Words matter. These are the best South Africa Quotes from famous people such as St. Lucia, Fela Kuti, Nelson Mandela, AB de Villiers, Virender Sehwag, and they’re great for sharing with your friends.
The longer I lived overseas, the more I appreciated being from South Africa.
In America we talk about South Africa, but I tell people that apartheid is nothing compared to what is happening in my country where black oppresses black.
There are many people in South Africa who are rich and who can share those riches with those not so fortunate who have not been able to conquer poverty.
I will always be grateful to the coaches and staff of Cricket South Africa for their support through all these years.
Australia always gives a tough fight, and that’s why every player wants to perform against Australia. When you perform against Australia, England, and South Africa, you automatically earn more respect.
I’d visited South Africa even before I started playing for Portugal, because I used to come here with my brother when I was still a kid.
I’ve been lucky to travel through quite a bit of Europe and Australia, but I would love to do Asia and South America and South Africa.
I grew up in a very strong, nuclear family. My father was a sportsman. He represented South Africa in a couple of sports, so he was a very positive person and someone who encouraged you to be your best and give your best with everything that you do.
A great white jumped into my cage when I was diving in South Africa. Half its body was in the cage, and it was snapping at me.
I set up a laboratory in the Department of Physiology in the Medical School in South Africa and begin to try to find a bacteriophage system which we might use to solve the genetic code.
In 2002, the 2000 Engelbrecht Els wine was released in South Africa and received high ratings.
In 1963, the U.N. Security Council declared a voluntary arms embargo on South Africa. That was extended to a mandatory embargo in 1977. And that was followed by economic sanctions and other measures – sometimes officials, countries, cities, towns – some organized by popular movements.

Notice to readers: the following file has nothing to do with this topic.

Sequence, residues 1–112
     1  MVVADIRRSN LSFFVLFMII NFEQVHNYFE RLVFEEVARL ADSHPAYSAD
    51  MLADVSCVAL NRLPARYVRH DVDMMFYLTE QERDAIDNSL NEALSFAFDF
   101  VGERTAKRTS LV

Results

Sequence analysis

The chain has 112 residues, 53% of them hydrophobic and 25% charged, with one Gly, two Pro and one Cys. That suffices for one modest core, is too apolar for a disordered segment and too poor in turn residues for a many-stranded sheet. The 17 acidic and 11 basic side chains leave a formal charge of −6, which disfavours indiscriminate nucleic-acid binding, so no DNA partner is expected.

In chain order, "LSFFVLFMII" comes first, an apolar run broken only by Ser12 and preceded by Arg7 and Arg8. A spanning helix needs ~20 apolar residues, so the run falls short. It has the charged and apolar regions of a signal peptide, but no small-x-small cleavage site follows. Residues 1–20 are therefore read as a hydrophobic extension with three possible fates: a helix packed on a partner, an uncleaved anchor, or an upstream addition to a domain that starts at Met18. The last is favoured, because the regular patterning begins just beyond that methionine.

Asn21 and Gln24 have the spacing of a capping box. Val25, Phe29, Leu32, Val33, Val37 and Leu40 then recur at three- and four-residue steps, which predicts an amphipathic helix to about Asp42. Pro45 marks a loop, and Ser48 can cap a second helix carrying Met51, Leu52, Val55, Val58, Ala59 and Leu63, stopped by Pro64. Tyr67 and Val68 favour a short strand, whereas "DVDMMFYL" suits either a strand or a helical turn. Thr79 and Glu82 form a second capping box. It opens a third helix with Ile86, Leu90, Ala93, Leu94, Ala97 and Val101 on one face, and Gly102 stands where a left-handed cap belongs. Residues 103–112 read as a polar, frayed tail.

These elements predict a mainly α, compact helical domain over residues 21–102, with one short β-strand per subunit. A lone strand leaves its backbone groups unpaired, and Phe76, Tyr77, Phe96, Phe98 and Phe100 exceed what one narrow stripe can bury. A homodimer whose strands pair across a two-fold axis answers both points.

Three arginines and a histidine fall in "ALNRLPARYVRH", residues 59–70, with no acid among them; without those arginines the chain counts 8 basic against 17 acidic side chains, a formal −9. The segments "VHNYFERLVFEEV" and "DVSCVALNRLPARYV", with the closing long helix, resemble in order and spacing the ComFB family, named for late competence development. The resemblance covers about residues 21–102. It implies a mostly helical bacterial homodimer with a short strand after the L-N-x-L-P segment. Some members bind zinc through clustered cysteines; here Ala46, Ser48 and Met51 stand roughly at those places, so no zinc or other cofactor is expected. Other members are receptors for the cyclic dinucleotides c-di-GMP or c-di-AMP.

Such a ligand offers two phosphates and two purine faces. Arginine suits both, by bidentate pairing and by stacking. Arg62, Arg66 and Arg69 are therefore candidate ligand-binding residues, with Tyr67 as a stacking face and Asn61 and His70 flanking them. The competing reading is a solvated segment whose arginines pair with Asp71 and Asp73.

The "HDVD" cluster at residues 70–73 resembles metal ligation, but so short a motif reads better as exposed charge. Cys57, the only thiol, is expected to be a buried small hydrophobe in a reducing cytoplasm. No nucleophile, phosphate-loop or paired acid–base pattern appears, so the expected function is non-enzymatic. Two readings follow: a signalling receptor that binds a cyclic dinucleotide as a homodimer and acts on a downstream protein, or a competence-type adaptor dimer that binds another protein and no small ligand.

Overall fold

I played an integral part in helpings formulating that new vision… that we must abandon apartheid and accept one united South Africa with equal rights for all, with all forms of discrimination to be scrapped from the statute book.
I had to look at white people as fellow South Africans and fellow partners in building a new South Africa.
‘Africa shall be saved.’ I heard God’s message so clearly. In response, my family moved from Lesotho to South Africa in 1974.
Filmmaking is a great adventure. I’m as excited as a kid to be given tickets to fly suddenly to England, South Africa, America, everywhere. I’m still a 13-year-old kid, flying.
Having spent all that time getting away from South Africa, running away from the army, I wanted very much to believe that America and England were actually as free as they were meant to be, not slipping rapidly into becoming police states like the one I’d just left.
Only in South Africa could you have a change in government without civil war. If there wasn’t the depth of love and caring among our people, this would not have happened.